Right before we left I paged through several black and white albums of saddle seat shows and more jumping pictures. There was an album labeled “Del Mar National” and one for a Santa Barbara show. I held up the George Morris picture again wondering if I should get it and try to track down his address and mail it to him. I’m not sure what he’d do with it or what I would even say if I sent it to him. So I set it down a second time.
As we both checked out, one of the sale employees showed us a tote bag that had dozens of pins on it, “I’m surprised no one has snapped this one up yet. Those pins are collectors items.” I noticed the 1992 Barcelona Olympic Games pin and a few other Olympic and Pan American games pins. There were pins for some other horse shows. For the right person it would have been a jackpot. But not for me. I’m a books and clothes kind of girl and I had found some special books and clothes that I hope to enjoy for many years to come. Again, I thought about buying the pins to resell, but that seemed to scavenger-y. After making the purchases we went to lunch to cap off our equestrian estate sale experience.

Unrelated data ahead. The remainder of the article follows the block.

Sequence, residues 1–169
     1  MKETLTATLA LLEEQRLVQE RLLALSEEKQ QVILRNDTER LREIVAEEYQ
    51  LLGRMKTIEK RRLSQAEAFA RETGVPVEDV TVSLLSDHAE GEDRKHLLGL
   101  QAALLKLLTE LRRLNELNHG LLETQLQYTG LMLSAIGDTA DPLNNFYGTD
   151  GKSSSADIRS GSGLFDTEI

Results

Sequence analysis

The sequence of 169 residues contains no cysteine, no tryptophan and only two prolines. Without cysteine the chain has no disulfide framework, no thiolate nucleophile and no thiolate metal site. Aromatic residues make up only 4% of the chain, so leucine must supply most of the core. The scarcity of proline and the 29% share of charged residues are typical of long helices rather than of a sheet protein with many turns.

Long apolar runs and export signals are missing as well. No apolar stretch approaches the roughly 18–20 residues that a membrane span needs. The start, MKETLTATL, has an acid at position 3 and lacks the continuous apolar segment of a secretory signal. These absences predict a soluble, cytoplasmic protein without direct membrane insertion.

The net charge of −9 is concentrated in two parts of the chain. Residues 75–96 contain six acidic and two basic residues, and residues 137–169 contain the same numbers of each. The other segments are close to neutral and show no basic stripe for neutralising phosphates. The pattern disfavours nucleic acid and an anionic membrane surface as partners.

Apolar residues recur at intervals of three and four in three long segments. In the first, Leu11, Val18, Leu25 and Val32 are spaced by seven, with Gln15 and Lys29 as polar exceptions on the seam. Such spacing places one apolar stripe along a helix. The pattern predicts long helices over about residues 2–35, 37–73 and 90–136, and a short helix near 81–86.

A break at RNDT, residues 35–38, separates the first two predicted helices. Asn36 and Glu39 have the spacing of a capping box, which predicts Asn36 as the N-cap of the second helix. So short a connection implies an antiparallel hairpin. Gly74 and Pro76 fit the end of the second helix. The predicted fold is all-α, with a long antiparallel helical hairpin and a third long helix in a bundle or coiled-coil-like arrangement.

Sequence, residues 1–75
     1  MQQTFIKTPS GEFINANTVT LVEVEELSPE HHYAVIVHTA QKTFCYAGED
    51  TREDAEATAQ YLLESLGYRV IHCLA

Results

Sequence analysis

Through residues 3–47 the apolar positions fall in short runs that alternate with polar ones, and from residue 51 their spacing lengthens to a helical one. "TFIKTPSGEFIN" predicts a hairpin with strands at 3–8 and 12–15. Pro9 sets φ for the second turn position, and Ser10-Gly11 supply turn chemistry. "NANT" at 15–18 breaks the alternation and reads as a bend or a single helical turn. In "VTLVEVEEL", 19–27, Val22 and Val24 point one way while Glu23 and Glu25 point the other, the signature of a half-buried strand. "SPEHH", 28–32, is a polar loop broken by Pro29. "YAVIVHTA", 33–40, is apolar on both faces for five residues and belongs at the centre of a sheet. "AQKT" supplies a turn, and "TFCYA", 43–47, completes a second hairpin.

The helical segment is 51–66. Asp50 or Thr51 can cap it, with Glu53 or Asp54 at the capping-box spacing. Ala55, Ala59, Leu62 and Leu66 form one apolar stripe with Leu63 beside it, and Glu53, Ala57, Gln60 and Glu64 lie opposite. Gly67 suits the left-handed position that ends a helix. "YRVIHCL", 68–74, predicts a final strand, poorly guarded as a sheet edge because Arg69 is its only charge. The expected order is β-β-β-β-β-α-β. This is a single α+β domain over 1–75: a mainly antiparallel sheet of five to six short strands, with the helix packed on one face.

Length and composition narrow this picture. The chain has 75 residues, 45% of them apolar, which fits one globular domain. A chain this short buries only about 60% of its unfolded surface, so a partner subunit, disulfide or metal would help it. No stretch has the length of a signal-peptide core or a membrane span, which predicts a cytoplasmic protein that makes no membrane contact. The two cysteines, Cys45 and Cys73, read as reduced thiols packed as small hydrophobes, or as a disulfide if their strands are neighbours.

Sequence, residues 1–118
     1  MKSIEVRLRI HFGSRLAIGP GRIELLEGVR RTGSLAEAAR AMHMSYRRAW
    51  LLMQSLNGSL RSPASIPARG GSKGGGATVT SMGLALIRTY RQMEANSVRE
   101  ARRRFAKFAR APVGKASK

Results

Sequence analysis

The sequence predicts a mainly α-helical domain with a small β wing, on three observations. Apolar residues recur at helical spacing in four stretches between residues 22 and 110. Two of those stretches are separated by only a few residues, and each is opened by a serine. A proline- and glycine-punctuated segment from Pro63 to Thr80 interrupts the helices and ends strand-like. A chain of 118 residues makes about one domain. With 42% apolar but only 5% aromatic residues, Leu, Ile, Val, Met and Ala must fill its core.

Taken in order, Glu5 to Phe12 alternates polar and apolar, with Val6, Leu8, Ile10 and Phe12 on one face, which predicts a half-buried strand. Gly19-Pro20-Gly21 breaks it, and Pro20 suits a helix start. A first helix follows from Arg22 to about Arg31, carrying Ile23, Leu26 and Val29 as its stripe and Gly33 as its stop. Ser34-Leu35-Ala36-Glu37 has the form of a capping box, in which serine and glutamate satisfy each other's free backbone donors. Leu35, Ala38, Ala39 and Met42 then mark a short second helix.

The books are now in a neat pile on my desk and the clothes are in a closet in a spare bedroom. They really aren’t taking up that much space.
And if and when I go through another round of household downsizing or the clothes don’t fit anymore, hopefully I’ll find another kindred spirit equestrian sister or sisters who will want the treasures and appreciate them for their history and the stories they tell about a woman who loved horses.
Your Turn: Are you an estate sale goer? If so, what treasures have you found? If not, why do you avoid them? Please comment with your viewpoint!